(Bloomberg) -- India’s Mangalore Refinery and Petrochemicals Ltd. has cut oil processing rates and will likely have to make an unplanned shutdown at one of its crude units as a deadly second Covid-19 wave pummels fuel demand.

The company reduced its refining capacity by 15% to 1.1 million tons in April and could trim rates even further next month, according to a person familiar with the matter, asking not to be identified as the information isn’t public. The rapidly spreading virus has already had an impact on demand, with fuel sales from the largest retailers sliding during the first half of this month.

India’s healthcare system is buckling under the strain of the virus resurgence, which has led to renewed restrictions in some areas. Refiners were forced to slash crude processing last year after the first wave led to a national lockdown and plummeting fuel consumption, filling storage tanks. MRPL may be forced to cut rates to 900,000 tons in May, down from the typical average of 1.3 million tons, the person said.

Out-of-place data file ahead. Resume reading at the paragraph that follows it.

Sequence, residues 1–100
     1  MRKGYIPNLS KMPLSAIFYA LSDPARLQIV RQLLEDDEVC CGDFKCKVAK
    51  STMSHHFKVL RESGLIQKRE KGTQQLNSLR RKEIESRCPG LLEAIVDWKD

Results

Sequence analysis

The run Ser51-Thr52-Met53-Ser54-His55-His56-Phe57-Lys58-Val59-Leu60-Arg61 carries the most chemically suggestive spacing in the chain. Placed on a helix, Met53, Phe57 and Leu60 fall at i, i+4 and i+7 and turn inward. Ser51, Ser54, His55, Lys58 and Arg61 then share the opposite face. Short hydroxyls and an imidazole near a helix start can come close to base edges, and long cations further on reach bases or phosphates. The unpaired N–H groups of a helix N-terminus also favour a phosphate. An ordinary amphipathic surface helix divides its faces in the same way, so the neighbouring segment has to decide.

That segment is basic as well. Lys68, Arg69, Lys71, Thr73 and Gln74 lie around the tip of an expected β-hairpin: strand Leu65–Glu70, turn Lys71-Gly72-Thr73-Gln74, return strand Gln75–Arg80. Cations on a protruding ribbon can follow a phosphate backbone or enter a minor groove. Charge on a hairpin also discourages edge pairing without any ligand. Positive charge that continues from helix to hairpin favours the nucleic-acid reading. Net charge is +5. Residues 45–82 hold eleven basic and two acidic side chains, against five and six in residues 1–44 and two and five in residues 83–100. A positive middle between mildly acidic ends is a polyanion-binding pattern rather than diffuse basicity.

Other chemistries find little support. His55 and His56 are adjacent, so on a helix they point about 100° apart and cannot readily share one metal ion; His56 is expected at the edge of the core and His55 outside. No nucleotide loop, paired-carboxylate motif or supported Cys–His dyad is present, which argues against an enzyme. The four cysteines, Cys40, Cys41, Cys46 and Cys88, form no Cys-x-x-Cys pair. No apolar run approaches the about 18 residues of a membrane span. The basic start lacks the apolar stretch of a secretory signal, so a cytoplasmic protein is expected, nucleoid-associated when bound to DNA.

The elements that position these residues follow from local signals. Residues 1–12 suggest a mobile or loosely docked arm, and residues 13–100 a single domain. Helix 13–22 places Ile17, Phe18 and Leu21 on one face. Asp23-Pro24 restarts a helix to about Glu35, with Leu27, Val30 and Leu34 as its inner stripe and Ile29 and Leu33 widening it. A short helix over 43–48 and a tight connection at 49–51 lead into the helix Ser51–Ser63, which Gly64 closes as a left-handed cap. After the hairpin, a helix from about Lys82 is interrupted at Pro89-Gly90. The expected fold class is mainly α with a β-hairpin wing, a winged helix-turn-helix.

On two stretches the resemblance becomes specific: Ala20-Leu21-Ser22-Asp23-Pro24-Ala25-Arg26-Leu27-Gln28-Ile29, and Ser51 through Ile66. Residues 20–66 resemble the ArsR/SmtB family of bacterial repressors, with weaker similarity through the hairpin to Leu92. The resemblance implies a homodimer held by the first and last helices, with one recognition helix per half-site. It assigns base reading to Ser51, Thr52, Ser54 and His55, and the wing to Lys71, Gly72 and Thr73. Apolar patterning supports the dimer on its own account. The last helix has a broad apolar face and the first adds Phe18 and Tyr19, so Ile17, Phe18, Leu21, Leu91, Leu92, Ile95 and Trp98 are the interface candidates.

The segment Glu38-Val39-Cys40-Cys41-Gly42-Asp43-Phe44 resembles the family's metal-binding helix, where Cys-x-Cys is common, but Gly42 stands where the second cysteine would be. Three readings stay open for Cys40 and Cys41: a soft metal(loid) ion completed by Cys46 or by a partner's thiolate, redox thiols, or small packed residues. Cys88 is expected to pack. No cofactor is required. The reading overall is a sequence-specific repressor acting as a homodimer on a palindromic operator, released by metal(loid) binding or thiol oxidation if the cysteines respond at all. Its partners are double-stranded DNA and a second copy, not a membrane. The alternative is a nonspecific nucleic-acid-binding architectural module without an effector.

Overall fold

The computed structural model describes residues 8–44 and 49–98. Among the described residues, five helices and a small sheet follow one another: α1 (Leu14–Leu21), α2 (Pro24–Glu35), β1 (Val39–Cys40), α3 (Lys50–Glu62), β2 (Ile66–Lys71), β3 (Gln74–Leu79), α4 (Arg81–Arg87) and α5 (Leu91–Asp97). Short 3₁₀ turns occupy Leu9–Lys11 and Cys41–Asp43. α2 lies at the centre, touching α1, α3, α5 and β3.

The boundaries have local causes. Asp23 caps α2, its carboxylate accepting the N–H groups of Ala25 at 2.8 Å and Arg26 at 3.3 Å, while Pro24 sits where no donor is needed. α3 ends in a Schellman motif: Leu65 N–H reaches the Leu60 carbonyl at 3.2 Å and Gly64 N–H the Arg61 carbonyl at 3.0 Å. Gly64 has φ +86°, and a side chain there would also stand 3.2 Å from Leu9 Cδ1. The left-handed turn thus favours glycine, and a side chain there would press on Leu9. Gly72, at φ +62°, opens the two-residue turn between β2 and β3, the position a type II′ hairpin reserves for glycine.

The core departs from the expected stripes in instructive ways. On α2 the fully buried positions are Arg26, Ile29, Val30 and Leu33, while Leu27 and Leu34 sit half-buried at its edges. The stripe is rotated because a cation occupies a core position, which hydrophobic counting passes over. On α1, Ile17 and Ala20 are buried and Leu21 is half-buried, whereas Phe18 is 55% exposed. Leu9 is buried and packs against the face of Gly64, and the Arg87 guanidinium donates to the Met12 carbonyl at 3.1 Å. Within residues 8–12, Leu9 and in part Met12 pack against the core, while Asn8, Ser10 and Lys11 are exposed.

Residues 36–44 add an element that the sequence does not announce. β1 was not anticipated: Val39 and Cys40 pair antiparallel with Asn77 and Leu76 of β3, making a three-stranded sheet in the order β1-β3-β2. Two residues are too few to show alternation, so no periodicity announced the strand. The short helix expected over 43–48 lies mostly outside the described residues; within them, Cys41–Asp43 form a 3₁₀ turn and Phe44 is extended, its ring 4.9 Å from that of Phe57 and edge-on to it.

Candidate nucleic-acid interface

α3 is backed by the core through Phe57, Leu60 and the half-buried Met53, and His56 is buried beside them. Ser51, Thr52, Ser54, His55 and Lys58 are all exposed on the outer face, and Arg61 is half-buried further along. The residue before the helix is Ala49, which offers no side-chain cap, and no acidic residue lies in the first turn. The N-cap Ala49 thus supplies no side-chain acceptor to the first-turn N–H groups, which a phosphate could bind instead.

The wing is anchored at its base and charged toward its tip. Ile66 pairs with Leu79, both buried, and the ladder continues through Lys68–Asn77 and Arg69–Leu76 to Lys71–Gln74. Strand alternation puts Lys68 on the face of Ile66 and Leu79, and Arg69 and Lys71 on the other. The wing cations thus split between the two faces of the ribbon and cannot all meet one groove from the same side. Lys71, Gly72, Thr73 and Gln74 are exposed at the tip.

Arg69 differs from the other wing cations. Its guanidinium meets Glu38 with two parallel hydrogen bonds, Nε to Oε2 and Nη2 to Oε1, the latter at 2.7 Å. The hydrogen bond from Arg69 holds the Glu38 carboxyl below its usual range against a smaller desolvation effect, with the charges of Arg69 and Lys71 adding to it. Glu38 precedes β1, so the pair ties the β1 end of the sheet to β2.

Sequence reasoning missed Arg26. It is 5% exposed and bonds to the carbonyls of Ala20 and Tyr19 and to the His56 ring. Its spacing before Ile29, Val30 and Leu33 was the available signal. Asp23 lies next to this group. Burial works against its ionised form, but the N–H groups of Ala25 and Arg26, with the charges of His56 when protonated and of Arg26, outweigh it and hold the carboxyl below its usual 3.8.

Nobody immediately responded to an email sent to MRPL’s press office on the matter. MRPL is a unit of of Oil and Natural Gas Corp.

India’s capital New Delhi is set for a weeklong lockdown from Monday night, while Mumbai is under strict restrictions that include a weekend lockdown and night curfew for the duration of April. Meanwhile, the country’s third-biggest fuel retailer -- Hindustan Petroleum Corp. -- hasn’t yet made a decision on cutting processing at its refineries, according to Chairman Mukesh Kumar Surana.

“The second wave may push back the complete recovery in gasoline and diesel to some extent,” he said. “Unless industry and construction works are shut, we still expect the demand to maintain at the level it has reached.”

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